MHYFVic ANNUAL GENERAL MEETING
Although the 2021 MHYFVic Annual General Meeting had to be held as an on-line Zoom meeting, we are glad to say that this year’s AGM will be again held at Bleak House Hotel, Beaconsfield Parade (corner of Victoria St), Albert Park, followed by an after-dinner presentation by James Wood-Bradley, Coordinator of Fire-CAP, Fire Rescue Victoria:
“The Firelighting Consequences Awareness Program (Fire-CAP): Risk-taking and mental health for children and youth”
The history, aims and methods of this best practice community program will be outlined and discussed
The AGM will be on Thursday 18th August at 7pm. Booking and pre-payment of dinner is essential. Details on the TryBooking website:
News from Emerging Minds.
Newsletter 16 May 2022
Resources to support children and families during a natural disaster
The last two years have seen many natural disasters and traumatic events, from bushfires to floods and the COVID-19 pandemic. Natural disasters and traumatic events are frightening for everyone involved, and children are particularly vulnerable to trauma in highly stressful situations. But, there are actions that we can all take to support children, parents and families and help minimise this impact.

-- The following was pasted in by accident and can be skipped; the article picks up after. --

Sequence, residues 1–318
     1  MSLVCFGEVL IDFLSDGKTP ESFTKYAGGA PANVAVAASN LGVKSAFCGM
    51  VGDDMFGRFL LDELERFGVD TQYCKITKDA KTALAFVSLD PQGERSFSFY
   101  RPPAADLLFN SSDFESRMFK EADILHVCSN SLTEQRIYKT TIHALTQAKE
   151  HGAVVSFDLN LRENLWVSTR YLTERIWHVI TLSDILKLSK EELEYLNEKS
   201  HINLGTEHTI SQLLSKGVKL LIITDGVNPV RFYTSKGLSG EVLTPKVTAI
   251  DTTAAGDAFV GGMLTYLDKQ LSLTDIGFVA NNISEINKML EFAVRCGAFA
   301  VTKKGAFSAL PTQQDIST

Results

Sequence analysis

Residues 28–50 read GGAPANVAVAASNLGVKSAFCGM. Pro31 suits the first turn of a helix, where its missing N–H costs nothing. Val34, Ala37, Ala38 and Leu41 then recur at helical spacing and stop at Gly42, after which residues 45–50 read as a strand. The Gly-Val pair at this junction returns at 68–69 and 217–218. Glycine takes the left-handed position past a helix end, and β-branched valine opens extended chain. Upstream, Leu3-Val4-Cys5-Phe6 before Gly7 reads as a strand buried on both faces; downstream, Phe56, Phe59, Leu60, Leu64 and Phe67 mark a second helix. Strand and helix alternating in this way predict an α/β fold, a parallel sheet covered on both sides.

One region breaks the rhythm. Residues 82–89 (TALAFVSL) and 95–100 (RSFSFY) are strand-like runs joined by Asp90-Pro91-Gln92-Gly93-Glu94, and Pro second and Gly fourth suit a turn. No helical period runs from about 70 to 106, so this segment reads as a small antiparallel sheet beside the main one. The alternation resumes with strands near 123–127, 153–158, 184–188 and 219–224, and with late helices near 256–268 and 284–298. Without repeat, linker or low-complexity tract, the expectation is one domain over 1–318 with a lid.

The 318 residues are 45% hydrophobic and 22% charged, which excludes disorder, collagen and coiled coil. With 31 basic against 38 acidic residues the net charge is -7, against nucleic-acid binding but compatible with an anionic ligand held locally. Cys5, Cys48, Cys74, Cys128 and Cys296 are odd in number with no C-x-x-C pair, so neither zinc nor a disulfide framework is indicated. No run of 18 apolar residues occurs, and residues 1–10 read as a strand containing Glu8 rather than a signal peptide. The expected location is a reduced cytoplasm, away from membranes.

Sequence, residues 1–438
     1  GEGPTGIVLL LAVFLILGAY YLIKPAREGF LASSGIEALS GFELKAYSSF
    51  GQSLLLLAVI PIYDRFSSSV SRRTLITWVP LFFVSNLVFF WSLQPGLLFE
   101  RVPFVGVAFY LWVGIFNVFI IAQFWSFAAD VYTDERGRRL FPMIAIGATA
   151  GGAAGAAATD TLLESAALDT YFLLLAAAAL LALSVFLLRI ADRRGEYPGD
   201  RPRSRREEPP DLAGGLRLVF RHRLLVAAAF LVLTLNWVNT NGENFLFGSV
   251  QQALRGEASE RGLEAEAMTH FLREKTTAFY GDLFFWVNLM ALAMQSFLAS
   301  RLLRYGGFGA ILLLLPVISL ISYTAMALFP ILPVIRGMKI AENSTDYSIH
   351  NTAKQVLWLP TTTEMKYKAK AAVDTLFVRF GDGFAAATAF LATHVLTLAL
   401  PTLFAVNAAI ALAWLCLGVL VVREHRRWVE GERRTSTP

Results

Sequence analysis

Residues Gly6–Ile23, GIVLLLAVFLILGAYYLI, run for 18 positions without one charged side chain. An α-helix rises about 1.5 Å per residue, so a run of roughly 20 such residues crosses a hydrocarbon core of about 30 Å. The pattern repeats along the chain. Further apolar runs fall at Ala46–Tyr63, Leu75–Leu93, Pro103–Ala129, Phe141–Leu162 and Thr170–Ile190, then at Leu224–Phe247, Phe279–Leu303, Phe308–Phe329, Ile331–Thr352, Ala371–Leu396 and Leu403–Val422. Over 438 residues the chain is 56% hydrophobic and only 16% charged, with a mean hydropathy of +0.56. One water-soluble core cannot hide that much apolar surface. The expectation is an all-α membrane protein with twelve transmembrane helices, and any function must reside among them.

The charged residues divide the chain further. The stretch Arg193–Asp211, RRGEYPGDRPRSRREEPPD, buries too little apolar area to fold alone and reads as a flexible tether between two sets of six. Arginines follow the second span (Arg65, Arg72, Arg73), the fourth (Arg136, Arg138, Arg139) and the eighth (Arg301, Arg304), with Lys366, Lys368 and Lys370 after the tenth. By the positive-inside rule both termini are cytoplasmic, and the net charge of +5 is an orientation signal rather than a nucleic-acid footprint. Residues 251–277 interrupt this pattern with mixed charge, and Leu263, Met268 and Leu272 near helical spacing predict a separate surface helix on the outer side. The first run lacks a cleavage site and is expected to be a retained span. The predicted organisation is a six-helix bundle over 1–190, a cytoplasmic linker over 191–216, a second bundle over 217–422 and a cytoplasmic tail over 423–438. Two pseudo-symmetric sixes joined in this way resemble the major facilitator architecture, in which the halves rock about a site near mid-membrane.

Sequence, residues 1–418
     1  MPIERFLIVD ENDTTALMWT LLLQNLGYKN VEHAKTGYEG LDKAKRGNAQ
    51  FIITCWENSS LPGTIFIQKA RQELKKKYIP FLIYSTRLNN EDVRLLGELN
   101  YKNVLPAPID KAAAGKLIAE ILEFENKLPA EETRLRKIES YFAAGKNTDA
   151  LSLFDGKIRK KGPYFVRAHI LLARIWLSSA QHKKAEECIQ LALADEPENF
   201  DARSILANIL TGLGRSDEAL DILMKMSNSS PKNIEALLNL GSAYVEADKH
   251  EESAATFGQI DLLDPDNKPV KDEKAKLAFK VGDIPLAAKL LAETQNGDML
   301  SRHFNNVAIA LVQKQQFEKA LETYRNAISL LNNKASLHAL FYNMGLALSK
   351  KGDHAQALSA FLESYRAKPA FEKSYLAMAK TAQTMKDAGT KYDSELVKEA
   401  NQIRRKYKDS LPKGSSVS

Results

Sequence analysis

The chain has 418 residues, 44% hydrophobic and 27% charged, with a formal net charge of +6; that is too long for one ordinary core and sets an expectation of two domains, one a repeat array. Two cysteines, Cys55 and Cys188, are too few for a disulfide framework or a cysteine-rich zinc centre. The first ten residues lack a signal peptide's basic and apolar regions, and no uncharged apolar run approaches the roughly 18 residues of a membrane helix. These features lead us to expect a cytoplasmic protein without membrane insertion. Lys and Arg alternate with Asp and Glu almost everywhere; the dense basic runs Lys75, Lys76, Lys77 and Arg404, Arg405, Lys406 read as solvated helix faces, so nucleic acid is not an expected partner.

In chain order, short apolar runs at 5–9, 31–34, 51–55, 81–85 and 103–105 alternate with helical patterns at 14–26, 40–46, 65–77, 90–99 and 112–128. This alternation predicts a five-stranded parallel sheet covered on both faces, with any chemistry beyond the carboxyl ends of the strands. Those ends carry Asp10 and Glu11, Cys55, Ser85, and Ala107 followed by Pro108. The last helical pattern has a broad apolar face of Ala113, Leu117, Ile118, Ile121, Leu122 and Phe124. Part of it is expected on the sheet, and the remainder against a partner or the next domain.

Our Community Trauma Toolkit is an extensive resource designed specifically for adults and services to support the mental health of infants and children through the different stages of a disaster or traumatic event. The steps outlined will help you support children’s resilience, understand what you can expect at different stages of disaster recovery, and how to recognise the signs if a child is struggling.
The toolkit can be accessed through the website emergingminds.com.au
The toolkit covers six sections for:
Each of the sections contain short articles, factsheets and videos covering topics relevant to that group. For example, the section for Health and social services practitioners has 52 such items for supporting children immediately and longer term in a variety of different disaster situation.